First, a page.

Drinking Water

Safe, clean drinking water is what we expect when we turn on our faucets. Wisconsin is a water-rich state, but the quality of its drinking water is sometimes open to question. It's vital that we all work to prevent new contamination and to clean up past problems that damage our drinking water supplies.

Currently, several Wisconsin lakes and rivers are too contaminated to be used as drinking water sources, including the lower Fox River in northeast Wisconsin. Many other communities have to carefully filter and treat their surface waters to make them safe for drinking.

In some localities drinking water drawn from underground aquifers is contaminated with bacteria, viruses, nitrates, and pesticides because of insufficient topsoil to filter contaminated rainwater. Livestock manure, human sewage, fertilizers, and pesticides are common sources of contamination. In some areas of northeast Wisconsin contaminated surface runoff can directly enter underground water supplies through fractured rock outcroppings, sink holes, quarries and abandoned wells.

To make matters worse, large areas of northeast Wisconsin suffer from naturally high levels of toxic minerals and contaminants - such as arsenic, lead, fluoride, iron and radium - in certain layers of the underground aquifer. When these toxic layers are drilled through or pumped, the contaminants can spread into clean aquifer layers resulting in wider groundwater contamination problems.

Figure 1:
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Unfortunately, efforts to treat water can also result in new health threats. Chlorination of drinking water supplies virtually eliminates most disease or bacterial contamination but creates traces of several toxic byproducts in drinking water - such as chloroform, chloramines, trihalomethanes and other chlorinated organic compounds. Fluoridation of drinking water is used to prevent tooth decay, but it may also have unintended and unhealthy side effects. Some government agencies have decided the benefits are worth the risks, but there is disagreement among experts whether tooth decay prevention is worth the risk of elevated health risks like arthritis, bone disease and cancer.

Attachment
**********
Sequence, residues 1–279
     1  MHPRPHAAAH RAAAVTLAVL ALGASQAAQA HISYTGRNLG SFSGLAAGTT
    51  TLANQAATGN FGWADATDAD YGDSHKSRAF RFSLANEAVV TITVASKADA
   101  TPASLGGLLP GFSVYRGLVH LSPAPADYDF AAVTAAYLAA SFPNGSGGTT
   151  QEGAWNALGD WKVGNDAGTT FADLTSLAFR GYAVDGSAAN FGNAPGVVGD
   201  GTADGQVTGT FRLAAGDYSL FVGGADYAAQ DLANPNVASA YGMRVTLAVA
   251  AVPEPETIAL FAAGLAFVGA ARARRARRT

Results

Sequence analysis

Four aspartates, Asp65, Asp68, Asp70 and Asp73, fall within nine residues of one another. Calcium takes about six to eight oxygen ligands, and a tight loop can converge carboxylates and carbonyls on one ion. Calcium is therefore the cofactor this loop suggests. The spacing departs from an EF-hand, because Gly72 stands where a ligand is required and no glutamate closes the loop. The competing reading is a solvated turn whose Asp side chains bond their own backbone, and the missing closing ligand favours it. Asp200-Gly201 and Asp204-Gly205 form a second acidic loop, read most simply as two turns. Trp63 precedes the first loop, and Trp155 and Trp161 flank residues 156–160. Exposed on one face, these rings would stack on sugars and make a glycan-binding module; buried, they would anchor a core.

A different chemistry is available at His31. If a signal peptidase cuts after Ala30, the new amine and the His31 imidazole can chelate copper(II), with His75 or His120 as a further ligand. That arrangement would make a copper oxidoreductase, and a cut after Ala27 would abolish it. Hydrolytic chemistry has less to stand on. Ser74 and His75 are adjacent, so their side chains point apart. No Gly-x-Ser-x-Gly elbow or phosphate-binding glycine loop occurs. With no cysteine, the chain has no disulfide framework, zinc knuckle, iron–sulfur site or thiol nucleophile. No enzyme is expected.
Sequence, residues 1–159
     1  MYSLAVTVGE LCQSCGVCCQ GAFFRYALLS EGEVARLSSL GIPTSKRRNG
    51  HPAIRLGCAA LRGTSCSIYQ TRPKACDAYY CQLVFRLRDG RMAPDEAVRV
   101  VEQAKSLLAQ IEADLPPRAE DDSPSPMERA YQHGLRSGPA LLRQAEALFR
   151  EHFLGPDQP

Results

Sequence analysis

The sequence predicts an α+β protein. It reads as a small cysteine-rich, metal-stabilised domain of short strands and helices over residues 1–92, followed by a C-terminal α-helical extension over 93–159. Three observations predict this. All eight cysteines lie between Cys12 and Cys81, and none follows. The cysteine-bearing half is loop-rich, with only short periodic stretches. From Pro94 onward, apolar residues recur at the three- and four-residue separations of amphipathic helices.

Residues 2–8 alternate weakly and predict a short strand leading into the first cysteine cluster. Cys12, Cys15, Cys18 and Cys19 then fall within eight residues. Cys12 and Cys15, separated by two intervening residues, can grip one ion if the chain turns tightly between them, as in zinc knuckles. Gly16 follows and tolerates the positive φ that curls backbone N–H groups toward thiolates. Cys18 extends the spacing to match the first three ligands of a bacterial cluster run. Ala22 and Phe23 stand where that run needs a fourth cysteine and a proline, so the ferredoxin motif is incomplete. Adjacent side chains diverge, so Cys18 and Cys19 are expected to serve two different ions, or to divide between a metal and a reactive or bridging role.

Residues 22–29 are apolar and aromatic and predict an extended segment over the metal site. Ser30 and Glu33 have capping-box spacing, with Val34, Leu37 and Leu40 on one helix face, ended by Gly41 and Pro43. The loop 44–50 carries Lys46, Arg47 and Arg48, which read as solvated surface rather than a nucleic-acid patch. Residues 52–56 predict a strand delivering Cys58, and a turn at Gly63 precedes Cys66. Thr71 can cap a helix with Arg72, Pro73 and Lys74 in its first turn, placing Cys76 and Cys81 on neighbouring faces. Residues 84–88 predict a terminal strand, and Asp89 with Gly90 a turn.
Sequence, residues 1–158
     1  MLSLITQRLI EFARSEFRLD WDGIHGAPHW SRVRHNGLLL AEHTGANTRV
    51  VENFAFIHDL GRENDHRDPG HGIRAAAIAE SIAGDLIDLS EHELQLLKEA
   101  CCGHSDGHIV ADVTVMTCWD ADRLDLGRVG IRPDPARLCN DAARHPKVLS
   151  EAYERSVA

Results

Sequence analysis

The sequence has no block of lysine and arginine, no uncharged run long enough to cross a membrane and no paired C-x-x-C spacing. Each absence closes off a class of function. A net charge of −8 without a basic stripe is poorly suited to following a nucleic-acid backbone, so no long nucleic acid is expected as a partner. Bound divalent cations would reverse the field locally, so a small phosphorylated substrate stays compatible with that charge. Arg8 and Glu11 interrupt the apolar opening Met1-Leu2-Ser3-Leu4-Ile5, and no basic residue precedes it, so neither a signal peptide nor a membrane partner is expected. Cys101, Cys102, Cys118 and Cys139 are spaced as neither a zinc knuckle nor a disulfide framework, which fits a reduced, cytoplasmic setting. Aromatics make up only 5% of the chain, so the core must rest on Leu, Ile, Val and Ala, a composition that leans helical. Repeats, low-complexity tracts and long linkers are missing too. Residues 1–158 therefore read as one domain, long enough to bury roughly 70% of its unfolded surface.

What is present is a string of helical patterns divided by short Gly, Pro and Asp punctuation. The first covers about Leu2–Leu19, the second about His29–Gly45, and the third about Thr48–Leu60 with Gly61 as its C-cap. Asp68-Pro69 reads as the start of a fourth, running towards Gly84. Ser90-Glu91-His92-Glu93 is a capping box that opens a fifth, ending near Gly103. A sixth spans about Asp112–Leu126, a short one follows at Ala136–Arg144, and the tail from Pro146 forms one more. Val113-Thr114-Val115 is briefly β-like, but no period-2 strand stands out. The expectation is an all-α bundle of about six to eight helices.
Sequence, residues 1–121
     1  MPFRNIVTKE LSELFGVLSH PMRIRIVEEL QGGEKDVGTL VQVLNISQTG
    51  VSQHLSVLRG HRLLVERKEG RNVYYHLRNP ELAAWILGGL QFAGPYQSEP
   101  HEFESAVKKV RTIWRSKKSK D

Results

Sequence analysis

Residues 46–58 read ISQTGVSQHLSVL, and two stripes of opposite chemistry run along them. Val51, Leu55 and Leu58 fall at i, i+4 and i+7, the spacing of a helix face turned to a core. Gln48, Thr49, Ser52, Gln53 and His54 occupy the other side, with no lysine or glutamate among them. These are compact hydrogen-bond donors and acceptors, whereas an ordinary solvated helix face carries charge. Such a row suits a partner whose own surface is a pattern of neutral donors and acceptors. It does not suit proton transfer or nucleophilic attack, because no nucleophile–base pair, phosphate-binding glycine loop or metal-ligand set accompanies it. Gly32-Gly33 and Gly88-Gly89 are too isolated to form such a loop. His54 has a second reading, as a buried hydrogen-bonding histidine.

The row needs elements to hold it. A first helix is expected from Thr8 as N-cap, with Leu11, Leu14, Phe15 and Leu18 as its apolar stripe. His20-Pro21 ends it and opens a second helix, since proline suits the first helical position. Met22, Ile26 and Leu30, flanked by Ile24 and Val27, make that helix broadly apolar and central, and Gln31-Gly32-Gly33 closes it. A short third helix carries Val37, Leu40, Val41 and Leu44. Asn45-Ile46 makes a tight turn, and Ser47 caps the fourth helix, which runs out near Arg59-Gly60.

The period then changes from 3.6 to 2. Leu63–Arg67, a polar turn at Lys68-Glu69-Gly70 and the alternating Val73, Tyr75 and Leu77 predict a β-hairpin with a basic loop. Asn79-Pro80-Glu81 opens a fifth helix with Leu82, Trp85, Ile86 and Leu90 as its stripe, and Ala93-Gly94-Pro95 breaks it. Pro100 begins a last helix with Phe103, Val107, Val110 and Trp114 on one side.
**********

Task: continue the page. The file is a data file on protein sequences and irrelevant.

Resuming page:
The Department of Natural Resources has been informed that the U.S. Environmental Protection Agency will no longer accept drinking water sample results where the holding time exceeds 30 hours for total coliform/E.coli. The samples are collected for the compliance with the Safe Drinking Water Act. This means that analyzing laboratories will need to invalidate samples (not analyze them) when the time from collection to analysis time is greater than 30 hours. Therefore, the water supplier will have to resample.

These are serious problems, but most can be addressed.

Drinking Water Links

Drinking Water and Groundwater - Wisconsin Dept. of Natural Resources – http://dnr.wi.gov/topic/drinkingwater/

Drinking Water Issues - Wisconsin Dept. of Health and Family Services - https://www.dhs.wisconsin.gov/water/index.htm

The Water Quality and Health Council - http://www.waterandhealth.org/

Water Resources of the United States - U.S. Geological Survey - http://water.usgs.gov/

Center for Disease Control Drinking Water Fact Sheet - https://www.cdc.gov/pictureofamerica/pdfs/picture_of_america_drinking_water.pdf

© Clean Water Action Council

P.O. Box 9144

Green Bay, WI 54308

(920) 421-8885


Office location:
A307 MAC Hall, UW-Green Bay
2420 Nicolet Drive
Green Bay, WI 54311

contact@cleanwateractioncouncil.org